Safety and Efficacy Study of WRSS1, a Shigella Sonnei Vaccine Candidate
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|ClinicalTrials.gov Identifier: NCT01080716|
Recruitment Status : Completed
First Posted : March 4, 2010
Last Update Posted : June 30, 2015
This study is an inpatient trial to determine the safety, immunogenicity and efficacy of the WRSS1 candidate vaccine in healthy Thai adult volunteers. This study is designed as 2 parts.
- Part 1 is a blinded, placebo-controlled inpatient trial in a total of 20 volunteers (14 vaccinees and 6 controls) to determine the safety and immunogenicity. Volunteers will be vaccinated with a single oral dose of 104 colony forming unit (cfu) of WRSS1 or placebo given with bicarbonate buffer.
- Part 2 will be started approximately 60 days after WRSS1 vaccination. This part is an inpatient phase II efficacy trial involving a challenge with the S.sonnei 53G of 10 vaccinees from the first part and 10 naïve controls.
|Condition or disease||Intervention/treatment||Phase|
|Dysentery Shigella Diarrhea||Biological: WRSS1 vaccine Biological: Placebo vaccine||Phase 1 Phase 2|
|Study Type :||Interventional (Clinical Trial)|
|Actual Enrollment :||40 participants|
|Intervention Model:||Parallel Assignment|
|Masking:||Triple (Participant, Care Provider, Investigator)|
|Official Title:||Safety, Immunogenicity, and Efficacy Studies of WRSS1, a Live Attenuated Shigella Sonnei Vaccine Candidate, in Healthy Thai Adults|
|Study Start Date :||May 2010|
|Primary Completion Date :||December 2010|
|Study Completion Date :||December 2010|
Experimental: WRSS1 vaccine
WRSS1 is a live attenuated S. sonnei vaccine candidate derived from the Mosely strain of S.sonnei
Biological: WRSS1 vaccine
Single, oral dose of WRSS1
Placebo Comparator: Placebo vaccine
Biological: Placebo vaccine
- Number and frequency of adverse events. [ Time Frame: Up to 12 months ]Frequency of any mild, moderate, and severe signs and symptoms associated with the vaccine such as nausea, vomiting, diarrhea, dysentery, fever, abdominal cramping, and dehydration, as well as any unexpected events. Frequency of significant clinical laboratory abnormalities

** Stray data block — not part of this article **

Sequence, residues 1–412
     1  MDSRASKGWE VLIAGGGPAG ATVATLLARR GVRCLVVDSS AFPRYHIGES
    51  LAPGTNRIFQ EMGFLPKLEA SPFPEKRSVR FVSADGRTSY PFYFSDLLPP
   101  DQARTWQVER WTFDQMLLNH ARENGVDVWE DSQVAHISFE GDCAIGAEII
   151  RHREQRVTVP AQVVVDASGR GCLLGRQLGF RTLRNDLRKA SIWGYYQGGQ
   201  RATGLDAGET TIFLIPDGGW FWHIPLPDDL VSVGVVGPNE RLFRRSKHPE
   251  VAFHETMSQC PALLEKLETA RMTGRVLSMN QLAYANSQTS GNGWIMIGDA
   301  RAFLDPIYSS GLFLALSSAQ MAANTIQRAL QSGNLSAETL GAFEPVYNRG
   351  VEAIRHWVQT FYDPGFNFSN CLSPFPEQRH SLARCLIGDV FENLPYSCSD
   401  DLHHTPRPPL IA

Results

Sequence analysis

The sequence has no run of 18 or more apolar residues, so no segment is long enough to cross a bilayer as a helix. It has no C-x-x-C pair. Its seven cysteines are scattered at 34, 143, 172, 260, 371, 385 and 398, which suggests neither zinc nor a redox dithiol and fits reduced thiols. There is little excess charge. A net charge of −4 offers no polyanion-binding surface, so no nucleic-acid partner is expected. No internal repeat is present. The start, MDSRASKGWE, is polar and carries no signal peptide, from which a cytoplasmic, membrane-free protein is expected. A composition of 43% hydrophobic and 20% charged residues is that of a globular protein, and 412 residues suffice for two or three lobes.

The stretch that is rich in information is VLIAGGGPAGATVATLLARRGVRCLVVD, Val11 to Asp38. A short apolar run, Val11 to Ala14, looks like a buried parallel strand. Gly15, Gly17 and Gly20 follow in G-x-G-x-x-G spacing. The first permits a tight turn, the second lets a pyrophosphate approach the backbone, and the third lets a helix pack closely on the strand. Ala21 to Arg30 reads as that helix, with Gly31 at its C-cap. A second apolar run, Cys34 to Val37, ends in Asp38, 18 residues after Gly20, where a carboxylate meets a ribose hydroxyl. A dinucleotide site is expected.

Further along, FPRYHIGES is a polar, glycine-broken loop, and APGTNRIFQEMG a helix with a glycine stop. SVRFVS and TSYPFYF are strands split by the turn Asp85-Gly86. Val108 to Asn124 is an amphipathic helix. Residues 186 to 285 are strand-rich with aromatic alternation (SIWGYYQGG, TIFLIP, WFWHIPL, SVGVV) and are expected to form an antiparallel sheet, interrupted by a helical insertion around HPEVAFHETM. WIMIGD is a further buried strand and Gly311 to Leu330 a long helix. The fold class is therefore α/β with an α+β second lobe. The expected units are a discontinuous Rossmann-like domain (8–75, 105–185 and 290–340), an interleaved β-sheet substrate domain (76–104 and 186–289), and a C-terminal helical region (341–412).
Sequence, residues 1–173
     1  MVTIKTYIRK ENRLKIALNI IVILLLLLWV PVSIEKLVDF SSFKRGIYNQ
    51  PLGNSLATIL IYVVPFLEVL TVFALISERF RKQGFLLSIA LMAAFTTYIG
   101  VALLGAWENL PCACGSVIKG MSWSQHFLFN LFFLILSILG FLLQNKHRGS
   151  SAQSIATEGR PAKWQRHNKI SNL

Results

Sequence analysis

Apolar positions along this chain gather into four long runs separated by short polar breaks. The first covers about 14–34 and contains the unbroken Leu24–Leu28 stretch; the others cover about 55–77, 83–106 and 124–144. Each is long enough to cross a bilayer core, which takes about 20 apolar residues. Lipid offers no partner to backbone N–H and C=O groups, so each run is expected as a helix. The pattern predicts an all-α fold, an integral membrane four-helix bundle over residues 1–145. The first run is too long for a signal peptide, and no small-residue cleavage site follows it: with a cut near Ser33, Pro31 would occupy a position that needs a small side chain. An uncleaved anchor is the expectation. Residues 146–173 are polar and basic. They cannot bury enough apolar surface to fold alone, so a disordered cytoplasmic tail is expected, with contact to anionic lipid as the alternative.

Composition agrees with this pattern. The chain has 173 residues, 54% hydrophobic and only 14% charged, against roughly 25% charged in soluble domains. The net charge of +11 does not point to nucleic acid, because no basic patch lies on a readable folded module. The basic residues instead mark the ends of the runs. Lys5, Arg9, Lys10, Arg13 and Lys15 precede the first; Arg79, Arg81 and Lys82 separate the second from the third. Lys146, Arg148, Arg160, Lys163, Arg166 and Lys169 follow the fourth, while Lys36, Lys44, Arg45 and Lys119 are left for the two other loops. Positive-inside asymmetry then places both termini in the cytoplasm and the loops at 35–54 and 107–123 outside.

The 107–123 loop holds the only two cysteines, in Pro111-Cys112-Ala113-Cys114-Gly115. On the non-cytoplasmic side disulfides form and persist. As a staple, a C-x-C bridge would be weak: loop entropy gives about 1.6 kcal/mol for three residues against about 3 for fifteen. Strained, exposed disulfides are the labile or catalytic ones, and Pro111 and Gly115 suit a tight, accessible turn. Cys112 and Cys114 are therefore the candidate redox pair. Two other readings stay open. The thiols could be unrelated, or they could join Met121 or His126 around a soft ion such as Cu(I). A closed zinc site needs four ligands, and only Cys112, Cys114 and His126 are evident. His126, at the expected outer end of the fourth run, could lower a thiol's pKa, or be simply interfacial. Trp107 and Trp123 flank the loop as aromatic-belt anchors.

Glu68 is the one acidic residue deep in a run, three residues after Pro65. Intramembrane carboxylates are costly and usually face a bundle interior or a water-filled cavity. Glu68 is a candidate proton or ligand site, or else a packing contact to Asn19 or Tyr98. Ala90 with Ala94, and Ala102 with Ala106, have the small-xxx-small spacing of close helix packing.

- Immunogenicity [ Time Frame: Days 0,3,5,7,9,14, and 28 ]
Study Part 1:
Frequency and increase in antigen-specific serum IgG, IgA, and IgM antibody titers to S. sonnei LPS and invaplex-protein antigens. Frequency and increase in antigen-specific fecal IgA antibody titer to S. sonnei LPS and invaplex-protein antigens (study day -1 or 0, study days 3,5,7,14, and 28). Frequency and increase in antigen-specific IgG, IgA, and IgM antibody secreting cells (ASC) and antibody titers in lymphocyte supernatant (ALS) to S. sonnei LPS and invaplex-protein antigens (study days 0,7, and 9).
- Efficacy [ Time Frame: Days 0-5 ]Study Part 2-Frequency of Shigella induced clinical disease defined as one or more of diarrhea, dysentery or fever in vaccinees and controls following challenge with S. sonnei 53G
- Fecal shedding of vaccine [ Time Frame: Days 0-13 ]
Study Part 1:
Frequency and duration of detectable fecal presence of WRSS1 by PCR and culture
- Transmissibility of WRSS1 to placebo recipients [ Time Frame: Days 0-13 ]
Study Part 1:
Frequency of detectable fecal presence of WRSS1 in placebo recipients by PCR and culture
- Change in clinical laboratory values [ Time Frame: Days 0,7,14, and 28 ]
Study Part 1:
Frequency of clinical laboratory changes, both normal and abnormal.
To learn more about this study, you or your doctor may contact the study research staff using the contact information provided by the sponsor.
Please refer to this study by its ClinicalTrials.gov identifier (NCT number): NCT01080716
|Vaccine Trial Centre, Faculty of Tropical Medicine, Mahidol University|
|Bangkok, Thailand, 10400|
|Study Director:||Ladaporn Bodhidatta, MD||Department of Enteric Diseases, Armed Forces Research Institute of Medical Sciences|
|Principal Investigator:||Punnee Pitisuttithum, MBBS||Vaccine Trial Centre, Faculty of Tropical Medicine, Mahidol University|
|Study Director:||Carl Mason, MD||Department of Enteric Diseases, Armed Forces Research Institute of Medical Sciences|